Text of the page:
Sochi recap: Men’s four-man bobsled, runs 1 and 2

USA-1 pilot Steven Holcomb came into the day hoping to become the first U.S. driver to win consecutive gold medals in 82 years. But a calf injury sustained during competition in the two-man, in which he won the bronze, left a question mark as to his ability to hang with the big boys.

After a 4.75 record start time in their first run, it was evident the stellar push crew of Steve Langton, Curt Tomasevicz, and Christopher Fogt, would be more than enough to give Holcomb an opportunity to drive to the top of the podium.

But the team has work to do after finishing the day in fourth after impressive runs from Russia-1, Germany-1, and Latvia-1.

Date: 22-Feb

Sport: Bobsled

Event: Men’s four-man, runs 1 and 2

How the U.S. Fared: In the first run, Holcomb managed a sub-55 second time (54.89), but couldn’t match it in the second run, finishing in 55.57. USA-1 sits in fourth place with a total time of 1:50.36, just .01 out of bronze medal position and .17 behind Russa-1 in the lead.

In USA-2, pilot Nick Cunningham, ranked 13th in world cup competition, is running about as expected with the seld in 11th after the second run.  He had a strong second run to move up three places from 14th after the first. Run. On board his sled are Justin Olsen, Dallas Robinson and of course, Johnny Quinn—now famous for busting out of his Sochi room after a locked door trapped him inside. Cunningham’s sled is the first “Night Train,” the sled Holcomb drove to glory in Vancouver. (Holcomb now drives the not-so-creatively-named “Night Train 2.”

What happened:  Different day, same verse. Veteran Alexander Zubkov piloted Russia-1 to lead the competition. But this time only by four hundreths of a second. Zubkov’s mastery of this tricky course certainly reveals the fact he’s had hundreds more trips down the track than the non-Russian drivers. Regardless, his performance has been tremendous, and he’s poised to walk home with both bobsled gold medals.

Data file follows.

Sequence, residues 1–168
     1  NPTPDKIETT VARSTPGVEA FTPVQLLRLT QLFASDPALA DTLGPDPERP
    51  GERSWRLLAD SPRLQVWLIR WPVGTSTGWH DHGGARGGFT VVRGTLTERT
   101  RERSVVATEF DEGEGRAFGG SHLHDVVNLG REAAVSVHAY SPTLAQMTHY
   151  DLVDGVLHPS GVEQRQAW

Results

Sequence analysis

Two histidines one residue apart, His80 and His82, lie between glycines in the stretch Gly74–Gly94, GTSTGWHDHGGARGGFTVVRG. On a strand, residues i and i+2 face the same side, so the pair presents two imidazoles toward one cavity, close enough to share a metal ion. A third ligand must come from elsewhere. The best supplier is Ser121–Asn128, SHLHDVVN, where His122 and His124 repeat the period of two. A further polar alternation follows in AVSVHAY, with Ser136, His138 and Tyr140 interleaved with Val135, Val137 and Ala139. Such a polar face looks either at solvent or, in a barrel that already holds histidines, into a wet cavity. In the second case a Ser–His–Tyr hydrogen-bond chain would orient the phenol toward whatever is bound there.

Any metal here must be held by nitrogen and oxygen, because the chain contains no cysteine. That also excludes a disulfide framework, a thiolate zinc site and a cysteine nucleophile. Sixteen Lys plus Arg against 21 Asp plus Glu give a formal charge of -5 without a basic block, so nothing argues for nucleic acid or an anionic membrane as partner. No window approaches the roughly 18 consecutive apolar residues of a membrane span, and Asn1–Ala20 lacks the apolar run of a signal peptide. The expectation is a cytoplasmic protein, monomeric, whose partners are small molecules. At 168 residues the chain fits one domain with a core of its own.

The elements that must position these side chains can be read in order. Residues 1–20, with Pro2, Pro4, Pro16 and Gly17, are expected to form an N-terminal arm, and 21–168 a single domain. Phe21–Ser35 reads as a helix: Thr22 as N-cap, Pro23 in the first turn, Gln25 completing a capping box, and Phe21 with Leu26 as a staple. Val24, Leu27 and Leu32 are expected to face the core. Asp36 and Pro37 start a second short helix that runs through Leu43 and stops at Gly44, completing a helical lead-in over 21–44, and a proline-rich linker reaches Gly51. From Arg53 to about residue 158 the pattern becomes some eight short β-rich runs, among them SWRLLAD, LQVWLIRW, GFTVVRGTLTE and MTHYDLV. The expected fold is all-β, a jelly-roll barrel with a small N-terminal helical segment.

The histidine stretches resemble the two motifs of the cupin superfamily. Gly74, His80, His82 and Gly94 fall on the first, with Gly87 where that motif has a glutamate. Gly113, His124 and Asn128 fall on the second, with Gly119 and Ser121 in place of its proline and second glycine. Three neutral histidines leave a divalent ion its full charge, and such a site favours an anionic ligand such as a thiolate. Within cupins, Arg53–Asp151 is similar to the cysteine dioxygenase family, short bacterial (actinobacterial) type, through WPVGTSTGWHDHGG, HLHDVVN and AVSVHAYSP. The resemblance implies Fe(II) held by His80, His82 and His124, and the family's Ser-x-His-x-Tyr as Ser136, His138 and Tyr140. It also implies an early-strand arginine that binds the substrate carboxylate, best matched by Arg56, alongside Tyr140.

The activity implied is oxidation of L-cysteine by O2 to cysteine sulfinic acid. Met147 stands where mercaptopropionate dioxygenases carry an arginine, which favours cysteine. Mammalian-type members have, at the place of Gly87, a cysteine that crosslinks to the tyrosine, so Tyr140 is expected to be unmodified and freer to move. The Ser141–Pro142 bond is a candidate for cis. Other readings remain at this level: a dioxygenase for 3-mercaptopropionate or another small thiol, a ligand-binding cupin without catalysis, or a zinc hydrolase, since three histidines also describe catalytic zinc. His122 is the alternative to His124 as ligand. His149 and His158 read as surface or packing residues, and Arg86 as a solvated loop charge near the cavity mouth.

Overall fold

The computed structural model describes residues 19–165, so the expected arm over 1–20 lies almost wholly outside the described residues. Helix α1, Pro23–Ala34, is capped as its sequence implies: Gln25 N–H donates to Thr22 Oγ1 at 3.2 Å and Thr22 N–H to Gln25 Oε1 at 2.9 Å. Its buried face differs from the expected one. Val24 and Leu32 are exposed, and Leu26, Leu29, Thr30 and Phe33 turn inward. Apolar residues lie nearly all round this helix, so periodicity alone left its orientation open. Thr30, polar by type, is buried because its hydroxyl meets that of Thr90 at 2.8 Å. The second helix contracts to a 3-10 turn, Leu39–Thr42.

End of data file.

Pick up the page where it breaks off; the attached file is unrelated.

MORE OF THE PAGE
Latvia-1 pilot Oskars Melbardis’ exceptional driving matched the power of his push team’s starts to nab second place after two runs, just on the heels of Zubkov. Melbardis won the World Cup event in Sochi a year ago and won two of the final World Cup events this season. He also has been among the fastest during training this week. With times of 55.10 and 55.13, it was Melbardis’ second run that turned heads, moving up three positions, and conquering a track that was slowing with every run after a Canada-3 crash in the second part of track.

After sitting in second place after run 1, Germany-1 with top ranked four-man pilot Maximilian Arndt at the helm was passed by Melbardis to finish the day in third. Arndt started the day with a  sub-55 time, but lost a little on the second run, after scraping and twisting his sled a bit coming out of turn 16 into 17. He’ll start tomorrow just one one hundredth ahead of Holcomb in USA-2.

Just behind Holcomb is Germany-3, piloted by Thomas Florschuetz, a former luge athlete. Florsscheutz, 36, won a bronze in the two-man bobsled in Vancouver in 2010.

A spectacular crash by Justin Kripps in Canada-3 halted the race for a short time and also appeared to put the leaders that were still to come at a bit of a disadvantage, racing on a somewhat damaged track. (Though no repairs were apparently needed.) Kripps’ sled picked up going into 14 and flipped running upside down the track. All four men (Kripps, Jesse Lumseden, Cody Sorensen, Ben Coakwell) walked away seemingly uninjured.

Great Britain-1 benefited from starting just prior to run 2 as ice conditions had already started deteriorating, moving up from 10th to seventh. After a 4.79 start in run 1, and 4.81 in run 2, pilot John Jackson stayed clean in the first half, had a small knock on turn 11, but no slide to finish 55.27. Joel Fearon, one of fastest sprinters in Great Britain, is the brakeman.

Quote: “We’re only 0.17 out,” Holcomb said. “Everybody’s kind of looking at us like they kicked our dog or something.” – Source

Full Results


About Cynthia Hobgood

Washington, DC-based digital communications professional, independent writer, and photographer. Recovering full-time sports journalist.// An equal opportunity sports fanatic, I have a soft spot in my heart for Winter games after covering Salt Lake City 2002. I had no idea what I was getting myself into being a credentialed journalist at the Olympics. But it was surely a highlight of my career, involving a lot of writing, countless events, practically no sleep, and ending with pneumonia two weeks later. Soon after I transitioned to part-time sports coverage while in grad school and have focused a bit more on digital communications in recent years, while still dabbling in some independent sports coverage, including women's soccer. //Find me on Twitter: @hobwriter
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